Farmers and Settlers Association Inc. President Wilson Thompson said that ahead of the national election until September when the new government is in place, there is unlikely to be any intervention or actions from the government on the price of coffee.
He raised the issue this week and attributed a number of reasons for the drop in prices, due to the following:
- There is no money to support the price support program and no trigger mechanism
- Slow recovery of coffee after frost and resumption of production
- War in Ukraine affecting coffee consumption, including the coffee movement
- Fuel surcharge and government taxes and fees increase for vehicles, dock fees and
- CIC 100% Levy on production resulting in a reduction of the levy on the price paid to farmers.
“Producers and farmers are therefore advised to start selling their coffee before prices fall below K8 and down to K7.50 per kilogram,” Mr Thompson said.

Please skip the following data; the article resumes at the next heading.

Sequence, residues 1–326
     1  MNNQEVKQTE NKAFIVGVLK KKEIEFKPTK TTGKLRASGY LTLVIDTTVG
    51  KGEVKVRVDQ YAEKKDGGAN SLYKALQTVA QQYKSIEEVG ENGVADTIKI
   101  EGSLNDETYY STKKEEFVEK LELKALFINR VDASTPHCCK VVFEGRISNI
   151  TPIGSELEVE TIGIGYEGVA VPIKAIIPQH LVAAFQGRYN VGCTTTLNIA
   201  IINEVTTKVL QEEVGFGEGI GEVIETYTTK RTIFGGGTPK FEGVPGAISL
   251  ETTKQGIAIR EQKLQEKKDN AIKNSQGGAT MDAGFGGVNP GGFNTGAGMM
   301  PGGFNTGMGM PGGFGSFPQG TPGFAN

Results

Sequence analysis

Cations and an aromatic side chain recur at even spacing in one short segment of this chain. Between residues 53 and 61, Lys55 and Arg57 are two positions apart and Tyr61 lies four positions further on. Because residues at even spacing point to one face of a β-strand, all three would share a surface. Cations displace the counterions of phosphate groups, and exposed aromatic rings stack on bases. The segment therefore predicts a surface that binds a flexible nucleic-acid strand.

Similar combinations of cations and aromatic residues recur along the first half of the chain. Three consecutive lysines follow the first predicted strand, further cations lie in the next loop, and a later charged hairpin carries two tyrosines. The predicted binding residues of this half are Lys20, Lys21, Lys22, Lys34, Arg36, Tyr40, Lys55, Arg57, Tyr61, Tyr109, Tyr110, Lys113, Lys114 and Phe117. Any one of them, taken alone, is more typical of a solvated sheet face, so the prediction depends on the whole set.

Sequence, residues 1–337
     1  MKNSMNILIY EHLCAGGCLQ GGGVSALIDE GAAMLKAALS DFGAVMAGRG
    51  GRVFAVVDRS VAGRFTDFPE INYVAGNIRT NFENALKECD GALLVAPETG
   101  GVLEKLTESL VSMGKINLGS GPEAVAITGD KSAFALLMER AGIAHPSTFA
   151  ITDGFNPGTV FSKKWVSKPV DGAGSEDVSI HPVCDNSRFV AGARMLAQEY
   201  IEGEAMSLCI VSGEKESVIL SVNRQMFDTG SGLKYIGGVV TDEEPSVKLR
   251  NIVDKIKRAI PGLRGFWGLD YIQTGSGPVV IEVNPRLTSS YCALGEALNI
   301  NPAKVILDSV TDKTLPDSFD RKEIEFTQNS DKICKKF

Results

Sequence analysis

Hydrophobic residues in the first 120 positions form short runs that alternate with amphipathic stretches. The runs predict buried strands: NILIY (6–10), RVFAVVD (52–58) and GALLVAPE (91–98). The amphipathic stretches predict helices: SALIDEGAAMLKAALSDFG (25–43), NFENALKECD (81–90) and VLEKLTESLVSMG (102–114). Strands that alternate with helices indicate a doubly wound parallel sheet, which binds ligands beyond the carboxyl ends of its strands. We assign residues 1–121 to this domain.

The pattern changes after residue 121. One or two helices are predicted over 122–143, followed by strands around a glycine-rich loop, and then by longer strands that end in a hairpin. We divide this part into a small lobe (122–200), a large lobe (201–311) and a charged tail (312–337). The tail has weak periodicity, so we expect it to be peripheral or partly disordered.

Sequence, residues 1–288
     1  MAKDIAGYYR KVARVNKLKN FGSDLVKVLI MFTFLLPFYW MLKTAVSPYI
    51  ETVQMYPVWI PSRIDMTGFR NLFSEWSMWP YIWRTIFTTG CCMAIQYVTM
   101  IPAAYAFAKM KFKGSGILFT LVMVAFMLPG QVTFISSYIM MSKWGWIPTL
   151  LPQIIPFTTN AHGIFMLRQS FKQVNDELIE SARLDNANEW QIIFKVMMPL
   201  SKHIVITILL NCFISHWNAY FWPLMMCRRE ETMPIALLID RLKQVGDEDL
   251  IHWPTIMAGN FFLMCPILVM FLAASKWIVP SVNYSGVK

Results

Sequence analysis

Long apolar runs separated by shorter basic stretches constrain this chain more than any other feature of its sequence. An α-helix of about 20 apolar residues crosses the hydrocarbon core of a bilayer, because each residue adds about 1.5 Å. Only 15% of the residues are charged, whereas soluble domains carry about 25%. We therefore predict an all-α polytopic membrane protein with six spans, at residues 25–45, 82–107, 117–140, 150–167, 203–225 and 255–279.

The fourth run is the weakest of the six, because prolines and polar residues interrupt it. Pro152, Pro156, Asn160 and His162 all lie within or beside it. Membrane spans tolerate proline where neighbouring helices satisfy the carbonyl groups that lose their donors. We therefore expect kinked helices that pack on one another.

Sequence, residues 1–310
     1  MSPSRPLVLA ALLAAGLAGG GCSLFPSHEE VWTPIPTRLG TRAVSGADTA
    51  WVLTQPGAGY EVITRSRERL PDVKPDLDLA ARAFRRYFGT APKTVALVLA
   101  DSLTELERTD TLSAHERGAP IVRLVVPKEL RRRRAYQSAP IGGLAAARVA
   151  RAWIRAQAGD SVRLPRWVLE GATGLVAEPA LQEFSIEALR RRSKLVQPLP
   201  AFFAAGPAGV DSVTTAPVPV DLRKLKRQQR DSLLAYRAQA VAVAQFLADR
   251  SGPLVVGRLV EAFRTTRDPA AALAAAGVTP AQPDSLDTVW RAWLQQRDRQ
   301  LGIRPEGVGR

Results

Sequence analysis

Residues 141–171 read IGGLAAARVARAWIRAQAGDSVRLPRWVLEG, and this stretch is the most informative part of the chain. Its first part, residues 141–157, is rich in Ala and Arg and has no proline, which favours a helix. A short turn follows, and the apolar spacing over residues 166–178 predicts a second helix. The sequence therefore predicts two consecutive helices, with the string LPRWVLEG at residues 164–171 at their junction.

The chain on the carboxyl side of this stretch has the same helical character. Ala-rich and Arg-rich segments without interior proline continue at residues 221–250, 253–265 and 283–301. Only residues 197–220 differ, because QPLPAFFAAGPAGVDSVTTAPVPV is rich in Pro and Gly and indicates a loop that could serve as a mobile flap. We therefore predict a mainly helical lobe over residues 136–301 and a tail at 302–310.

He said the price had risen from 4.70K parchment per kilo in January 2021 to over 10K per kilo in January 2022. Stating the reasons were snowfall which affected production in Colombia and the effect COVID on shipping.
Mr Thompson said that while coffee prices fall to around 8K per kilogram parchment this month, farmers’ income has declined.
This is due to poor road conditions and vehicle owners deducting K1 to K2 per bag and Coffee Berry Borer gas which has reduced weight by up to 30-40% which is not encouraging for growers.
“We have government intervention like cutting fuel but the impact is not immediate so there is no Berry Borer CBB coffee and the removal of levies and taxes which continue to be passed on on producers, thereby reducing the price paid to producers and farmers.”